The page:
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Specialist: Ultrasound better at pinpointing pain from injuries

Specialist: Ultrasound better at pinpointing pain from injuries

Waiting for the results of medical tests can be agonizing. Patients often endure days, if not weeks, of uncertainty; and if physically injured, they risk making things worse before getting a diagnosis.

One local specialist is using a different tool in a new way to avoid patient stress and help save them money.

Marathon runner Earle McAauley is having pain in his right Achilles tendon. He's in to see Dr. Brett Kindle, a sports medicine specialist with the Andrews Institute.

Instead of ordering an M.R.I., Kindle used a high powered diagnostic ultrasound to take a look.

"It's an extension of your physical exam, to be able to look through the skin and at the tissues directly," Kindle explained.

Kindle said it is a medical trend to use ultrasound imaging over an M.R.I. for arm and leg joint pain.

He expanded, "Shoulder, elbow, hand, wrist, hip, knee, foot, ankle. Pain in any of those areas."

Kindle stressed ultrasound is not used to diagnose neck or back pain. X-rays and M.R.I.s are the proper imaging tools for those areas. Kindle stressed that if he suspects a patient with a limb injury needs a M.R.I., he orders one without hesitation.

However, ultrasound is often his first and best option in his practice.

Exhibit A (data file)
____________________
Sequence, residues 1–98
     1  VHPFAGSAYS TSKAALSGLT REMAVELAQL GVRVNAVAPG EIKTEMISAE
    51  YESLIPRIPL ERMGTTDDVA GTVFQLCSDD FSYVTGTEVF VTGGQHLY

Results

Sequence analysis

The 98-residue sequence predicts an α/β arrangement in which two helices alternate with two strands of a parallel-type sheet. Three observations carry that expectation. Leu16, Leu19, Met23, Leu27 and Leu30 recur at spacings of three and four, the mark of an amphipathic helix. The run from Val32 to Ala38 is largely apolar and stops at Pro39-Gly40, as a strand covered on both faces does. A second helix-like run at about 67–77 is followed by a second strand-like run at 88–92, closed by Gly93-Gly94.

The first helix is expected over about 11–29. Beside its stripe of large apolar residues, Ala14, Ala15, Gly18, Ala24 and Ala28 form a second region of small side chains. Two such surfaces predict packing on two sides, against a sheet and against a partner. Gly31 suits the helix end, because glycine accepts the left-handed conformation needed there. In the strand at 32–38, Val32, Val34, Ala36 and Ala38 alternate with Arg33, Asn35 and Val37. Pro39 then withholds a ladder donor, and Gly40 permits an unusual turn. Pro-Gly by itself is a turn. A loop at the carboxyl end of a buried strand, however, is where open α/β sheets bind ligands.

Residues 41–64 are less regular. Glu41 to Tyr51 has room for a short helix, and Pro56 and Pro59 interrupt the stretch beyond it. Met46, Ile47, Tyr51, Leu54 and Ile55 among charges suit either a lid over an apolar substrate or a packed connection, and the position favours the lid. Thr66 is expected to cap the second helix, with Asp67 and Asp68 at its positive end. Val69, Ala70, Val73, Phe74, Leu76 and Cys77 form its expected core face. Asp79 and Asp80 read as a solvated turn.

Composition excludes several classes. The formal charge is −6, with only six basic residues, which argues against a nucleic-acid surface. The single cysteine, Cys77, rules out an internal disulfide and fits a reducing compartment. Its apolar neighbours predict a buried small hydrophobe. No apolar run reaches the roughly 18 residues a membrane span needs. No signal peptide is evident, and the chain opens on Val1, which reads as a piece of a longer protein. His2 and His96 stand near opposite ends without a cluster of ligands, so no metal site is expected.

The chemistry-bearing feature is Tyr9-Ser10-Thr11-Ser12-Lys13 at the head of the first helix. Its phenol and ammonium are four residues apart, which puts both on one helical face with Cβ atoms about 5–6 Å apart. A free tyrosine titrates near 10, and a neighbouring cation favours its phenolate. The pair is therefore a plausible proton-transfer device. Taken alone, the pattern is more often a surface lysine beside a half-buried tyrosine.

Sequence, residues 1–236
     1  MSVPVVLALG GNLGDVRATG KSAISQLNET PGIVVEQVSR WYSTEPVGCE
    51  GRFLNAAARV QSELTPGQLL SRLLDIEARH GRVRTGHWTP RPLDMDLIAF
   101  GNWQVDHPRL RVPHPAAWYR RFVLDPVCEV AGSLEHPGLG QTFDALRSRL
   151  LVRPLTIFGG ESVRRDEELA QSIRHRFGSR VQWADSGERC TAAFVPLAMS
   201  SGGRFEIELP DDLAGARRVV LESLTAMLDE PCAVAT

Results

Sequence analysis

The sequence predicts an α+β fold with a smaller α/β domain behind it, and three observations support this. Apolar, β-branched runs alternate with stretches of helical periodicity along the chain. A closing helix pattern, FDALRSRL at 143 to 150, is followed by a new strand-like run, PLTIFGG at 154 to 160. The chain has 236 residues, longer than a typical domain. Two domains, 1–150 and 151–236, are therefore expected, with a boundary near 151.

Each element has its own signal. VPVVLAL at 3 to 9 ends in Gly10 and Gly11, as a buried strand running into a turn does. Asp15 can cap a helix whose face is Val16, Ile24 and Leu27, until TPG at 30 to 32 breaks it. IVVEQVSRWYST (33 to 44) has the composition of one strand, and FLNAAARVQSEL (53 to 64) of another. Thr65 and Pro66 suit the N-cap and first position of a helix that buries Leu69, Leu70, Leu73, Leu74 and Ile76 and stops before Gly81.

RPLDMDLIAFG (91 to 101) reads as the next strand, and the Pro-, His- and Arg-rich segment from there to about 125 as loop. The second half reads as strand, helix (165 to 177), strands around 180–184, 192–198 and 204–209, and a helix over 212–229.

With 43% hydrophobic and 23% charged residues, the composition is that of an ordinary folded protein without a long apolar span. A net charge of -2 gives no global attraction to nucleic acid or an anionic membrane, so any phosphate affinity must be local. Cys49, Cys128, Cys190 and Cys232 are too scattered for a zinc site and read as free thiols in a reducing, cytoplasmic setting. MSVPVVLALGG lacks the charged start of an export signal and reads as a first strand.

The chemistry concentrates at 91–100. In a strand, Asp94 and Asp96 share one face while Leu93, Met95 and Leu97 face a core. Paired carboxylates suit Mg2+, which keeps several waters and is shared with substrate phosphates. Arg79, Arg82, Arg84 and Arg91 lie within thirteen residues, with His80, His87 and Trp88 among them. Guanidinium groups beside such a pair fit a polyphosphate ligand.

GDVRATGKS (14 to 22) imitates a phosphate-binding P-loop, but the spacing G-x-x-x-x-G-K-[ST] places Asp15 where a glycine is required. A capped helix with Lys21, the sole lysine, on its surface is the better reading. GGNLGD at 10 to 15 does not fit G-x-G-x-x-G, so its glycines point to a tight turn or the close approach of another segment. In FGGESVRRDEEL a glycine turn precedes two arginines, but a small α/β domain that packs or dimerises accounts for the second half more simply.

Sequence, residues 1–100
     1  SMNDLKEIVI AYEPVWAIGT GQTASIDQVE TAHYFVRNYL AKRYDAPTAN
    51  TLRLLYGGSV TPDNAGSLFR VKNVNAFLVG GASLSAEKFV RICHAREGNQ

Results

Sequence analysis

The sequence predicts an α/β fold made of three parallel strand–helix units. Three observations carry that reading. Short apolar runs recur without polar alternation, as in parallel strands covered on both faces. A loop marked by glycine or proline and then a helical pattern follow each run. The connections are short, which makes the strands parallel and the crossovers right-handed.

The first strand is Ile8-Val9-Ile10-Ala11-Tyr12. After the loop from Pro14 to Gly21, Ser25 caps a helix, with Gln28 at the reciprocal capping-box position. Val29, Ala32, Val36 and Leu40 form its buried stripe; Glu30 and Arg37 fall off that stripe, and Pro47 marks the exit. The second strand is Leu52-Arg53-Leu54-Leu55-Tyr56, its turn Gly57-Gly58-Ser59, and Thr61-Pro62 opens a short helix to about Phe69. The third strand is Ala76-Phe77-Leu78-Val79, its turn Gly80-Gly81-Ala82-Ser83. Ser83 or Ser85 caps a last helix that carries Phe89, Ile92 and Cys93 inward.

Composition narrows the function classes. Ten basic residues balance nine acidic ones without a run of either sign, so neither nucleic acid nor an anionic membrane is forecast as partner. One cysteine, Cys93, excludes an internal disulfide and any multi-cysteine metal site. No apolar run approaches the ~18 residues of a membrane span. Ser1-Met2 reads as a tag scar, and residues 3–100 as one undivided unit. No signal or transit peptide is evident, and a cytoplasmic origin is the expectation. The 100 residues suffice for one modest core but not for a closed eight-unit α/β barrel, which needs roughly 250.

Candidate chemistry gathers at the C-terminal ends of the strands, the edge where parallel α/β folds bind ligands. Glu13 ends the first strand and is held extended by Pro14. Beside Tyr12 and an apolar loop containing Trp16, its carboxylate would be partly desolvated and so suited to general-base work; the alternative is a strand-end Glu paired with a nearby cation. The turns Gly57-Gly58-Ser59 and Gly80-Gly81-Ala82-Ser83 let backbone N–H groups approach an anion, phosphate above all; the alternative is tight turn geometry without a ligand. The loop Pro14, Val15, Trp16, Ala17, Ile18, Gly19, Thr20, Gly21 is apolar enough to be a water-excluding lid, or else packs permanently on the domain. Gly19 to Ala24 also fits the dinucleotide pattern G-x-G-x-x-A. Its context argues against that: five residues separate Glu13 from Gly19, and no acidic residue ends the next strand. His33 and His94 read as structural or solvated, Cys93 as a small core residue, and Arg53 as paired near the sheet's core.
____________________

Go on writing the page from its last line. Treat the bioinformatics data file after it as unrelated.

Kindle said when he performs an ultrasound exam in his office, there is no wait for insurance authorization. He continued by saying they're much more cost-effective than an M.R.I., they offer better clarity and resolution and they show joint movement.

Kindle said it helps him clinically because patients are able to confirm pain points or tender areas while being examined.

"One of the biggest advantages of ultrasound, you get direct patient feedback during the image," said Kindle.

He continued by saying when patients can see injured structures themselves alongside a physician, it helps them understand what to do, and not to do, to prevent further injury.

McAuley agreed.

"Immediate feedback is key in anything and it's awesome. There's no, 'We'll call you in three weeks and somebody will let you know," he said.

On this visit, McAuley gets his diagnosis within mere minutes. Kindle pointed out to him that the fibers of his right Achilles tendon have lost structural integrity and have weakened a bit.

"It's one of those things that can be very debilitating, especially in the setting of an endurance sport such as running a marathon," Kindle said.

McAuley's tendon isn't in danger of snapping, but he does need some physical therapy and Kindle asked him to try using a silicone heel lift in his shoe to take some pressure off of his injured area.

Kindle showed McAuley some simple stretching exercises to relieve pain he can start trying right away. Kindle said sonogram imaging for sports and joint injuries often results in earlier intervention than an M.R.I., that treatment can begin in the exam room.

For his part, McAuley is thrilled. "It's refreshing. Like OK, this is what we've got, this is what we need to do, this is how we proceed," Kindle asked McAuley to try his suggestions and come back for a follow-up visit within the next four to six weeks.